Broadly speaking, my research sits at the intersections of language and contemporary Indigenous life with two over-arching areas of research: the sociocultural dynamics of language endangerment and revitalization and Indigenous gender, and sexuality in North America. In both of these areas, I am interested in the negotiation of personal identity within and against broader social movements and the role of social media and digital domains in those negotiations. Specifically, I utilize multi-sited ethnography, discourse analysis, and media studies to examine language revitalization and Two-Spirit movements within both tribal jurisdictions and urban Indian diaspora(s) in the United States and Canada.My research draws on the theories and methodologies in Anthropology, Linguistics, Native American and Indigenous Studies, and Queer Studies.
Language Revitalization & Reclamation:
I am particularly interested in language revitalization and documentation in Indigenous communities and how processes of globalization affect the movements of linguistic reclamation in order to show that language revitalization efforts are inextricably tied to, and embedded in, semiotic ideologies, occupational and economic realities, and negotiations of diaspora.
As with any social or political movement, language revitalization is inherently embedded within the contexts of the communities in which such movements occur. These contexts include everything from the day-to-day lived experiences of community members, to overarching governmental systems and policies at all levels.
My current research project is a multi-sited ethnographic investigation of the ways that–in the modern, urban American Indian diaspora–indigenous language(s) are used in locations other than Native American reservations and trust lands. This focused investigation of urban Native American language use combines theorizations of diaspora and the study of indigenous languages in innovative ways, while also providing insight into the expression of contemporary American Indian identity.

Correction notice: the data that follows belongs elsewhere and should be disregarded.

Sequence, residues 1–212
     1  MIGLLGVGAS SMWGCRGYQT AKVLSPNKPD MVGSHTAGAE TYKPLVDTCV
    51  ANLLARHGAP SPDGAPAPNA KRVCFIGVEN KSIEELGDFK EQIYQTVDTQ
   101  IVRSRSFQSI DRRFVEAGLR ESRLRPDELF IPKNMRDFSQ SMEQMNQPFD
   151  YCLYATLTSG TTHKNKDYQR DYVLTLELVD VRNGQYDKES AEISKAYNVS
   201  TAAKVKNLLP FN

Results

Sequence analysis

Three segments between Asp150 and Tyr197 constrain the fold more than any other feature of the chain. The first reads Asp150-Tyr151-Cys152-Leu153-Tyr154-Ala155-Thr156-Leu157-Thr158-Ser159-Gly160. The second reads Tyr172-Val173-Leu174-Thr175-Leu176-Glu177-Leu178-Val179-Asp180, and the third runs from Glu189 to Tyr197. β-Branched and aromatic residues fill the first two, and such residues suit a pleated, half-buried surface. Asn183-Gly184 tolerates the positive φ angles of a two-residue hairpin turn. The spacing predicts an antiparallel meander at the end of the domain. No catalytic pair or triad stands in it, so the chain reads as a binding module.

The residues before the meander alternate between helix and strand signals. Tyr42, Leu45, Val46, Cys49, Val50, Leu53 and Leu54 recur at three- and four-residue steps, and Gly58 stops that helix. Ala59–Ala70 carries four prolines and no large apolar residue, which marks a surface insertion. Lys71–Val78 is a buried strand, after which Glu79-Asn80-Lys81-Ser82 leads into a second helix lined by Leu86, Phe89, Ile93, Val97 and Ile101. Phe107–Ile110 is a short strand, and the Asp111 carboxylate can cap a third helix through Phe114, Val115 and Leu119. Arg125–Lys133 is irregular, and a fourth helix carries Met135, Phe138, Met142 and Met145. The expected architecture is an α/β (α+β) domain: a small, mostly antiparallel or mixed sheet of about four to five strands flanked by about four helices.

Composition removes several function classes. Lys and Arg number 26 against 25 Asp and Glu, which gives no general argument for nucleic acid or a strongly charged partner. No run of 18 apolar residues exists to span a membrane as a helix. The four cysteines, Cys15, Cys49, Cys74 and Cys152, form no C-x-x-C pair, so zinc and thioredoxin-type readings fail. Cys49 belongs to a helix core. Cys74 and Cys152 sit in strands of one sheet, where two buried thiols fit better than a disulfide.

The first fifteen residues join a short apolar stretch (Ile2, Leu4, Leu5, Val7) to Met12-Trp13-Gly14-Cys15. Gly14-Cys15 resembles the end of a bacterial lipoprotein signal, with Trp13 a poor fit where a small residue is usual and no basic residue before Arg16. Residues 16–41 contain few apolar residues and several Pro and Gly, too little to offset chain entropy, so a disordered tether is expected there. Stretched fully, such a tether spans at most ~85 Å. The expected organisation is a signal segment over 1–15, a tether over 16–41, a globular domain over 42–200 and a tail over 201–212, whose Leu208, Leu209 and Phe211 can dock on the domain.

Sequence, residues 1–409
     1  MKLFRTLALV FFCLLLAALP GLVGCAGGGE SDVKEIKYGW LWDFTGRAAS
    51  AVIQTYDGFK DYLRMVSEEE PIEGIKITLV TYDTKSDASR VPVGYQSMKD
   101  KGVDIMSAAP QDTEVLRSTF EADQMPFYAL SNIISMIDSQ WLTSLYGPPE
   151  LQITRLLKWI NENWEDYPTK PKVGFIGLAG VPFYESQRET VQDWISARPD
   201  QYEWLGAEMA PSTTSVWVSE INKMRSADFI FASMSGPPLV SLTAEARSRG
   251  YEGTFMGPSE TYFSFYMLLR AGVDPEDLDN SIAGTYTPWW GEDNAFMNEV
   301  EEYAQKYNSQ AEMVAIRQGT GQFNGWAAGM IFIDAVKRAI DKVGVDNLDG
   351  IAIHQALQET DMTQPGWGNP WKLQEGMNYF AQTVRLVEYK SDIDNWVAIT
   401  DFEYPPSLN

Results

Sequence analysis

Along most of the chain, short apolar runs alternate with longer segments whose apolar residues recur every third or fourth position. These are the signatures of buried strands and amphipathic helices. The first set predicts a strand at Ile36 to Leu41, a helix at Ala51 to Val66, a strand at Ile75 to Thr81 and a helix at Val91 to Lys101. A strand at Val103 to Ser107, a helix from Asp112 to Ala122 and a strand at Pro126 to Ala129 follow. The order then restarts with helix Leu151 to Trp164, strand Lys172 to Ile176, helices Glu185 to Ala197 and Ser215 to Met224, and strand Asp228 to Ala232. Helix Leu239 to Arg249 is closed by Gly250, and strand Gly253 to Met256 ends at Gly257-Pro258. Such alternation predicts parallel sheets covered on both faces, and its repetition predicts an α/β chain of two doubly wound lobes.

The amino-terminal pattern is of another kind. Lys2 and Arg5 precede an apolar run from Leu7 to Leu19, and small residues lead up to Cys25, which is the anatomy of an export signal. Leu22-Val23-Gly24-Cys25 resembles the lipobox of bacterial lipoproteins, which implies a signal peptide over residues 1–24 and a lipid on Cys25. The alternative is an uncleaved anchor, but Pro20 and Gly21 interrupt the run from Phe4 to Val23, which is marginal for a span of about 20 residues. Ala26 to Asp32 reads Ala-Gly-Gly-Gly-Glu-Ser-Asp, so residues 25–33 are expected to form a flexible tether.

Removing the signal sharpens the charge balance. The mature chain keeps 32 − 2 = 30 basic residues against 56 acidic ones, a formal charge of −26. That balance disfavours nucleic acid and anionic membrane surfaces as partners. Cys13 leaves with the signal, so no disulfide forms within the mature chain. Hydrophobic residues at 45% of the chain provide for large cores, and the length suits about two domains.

2018 Talking Indian: Identity and Language Revitalization in the Chickasaw Renaissance. University of Arizona Press.
2017 “Resisting Rhetorics of Language Endangerment: Reclamation Through Indigenous Language Survivance” Language Documentation and Description. Vol 14
2016 “Language Affiliation and Ethnolinguistic Identity in Chickasaw Language Revitalization.” Language & Communication. 47: 100-111
2015 “Intersections of Religion and Language Revitalization.” In Stanley Brunn (Ed.), The Changing World Religion Map. Springer.
2012 Adkins, Madeleine and Jenny Davis. The naïf, the sophisticate, and the party girl: Regional and gender stereotypes in Breton language web videos. Gender and Language. Vol. 6, Issue 2.
Indigenous Gender & Sexuality:
Within the field of language, gender, and sexuality, my research is particularly focused on the semiotic negotiation of the multiply marginalizations of Queer/Two-Spirit Native American people and the intersections of gender and sexuality in language revitalization efforts such.
2019 “Refusing (Mis)Recognition: Navigating Multiple Marginalization in the U.S. Two Spirit Movement.” Review of International American Studies (RIAS). Vol. 12:1, Spring–Summer.
2014 Davis, Jenny, Lal Zimman, and Joshua Raclaw. Opposites attract: Retheorizing binaries in language, gender, and sexuality. In Lal Zimman, Jenny L. Davis,
and Joshua Raclaw (Eds.), Queer Excursions: Retheorizing Binaries in Language,
Gender, and Sexuality. Oxford University Press.
2014 “More than just ‘gay Indians’: Intersecting articulations of Two-Spirit gender, sexuality and indigenousness.” In Lal Zimman, Jenny Davis, and Joshua
Raclaw (Eds.), Queer Excursions: Retheorizing Binaries in Language, Gender, and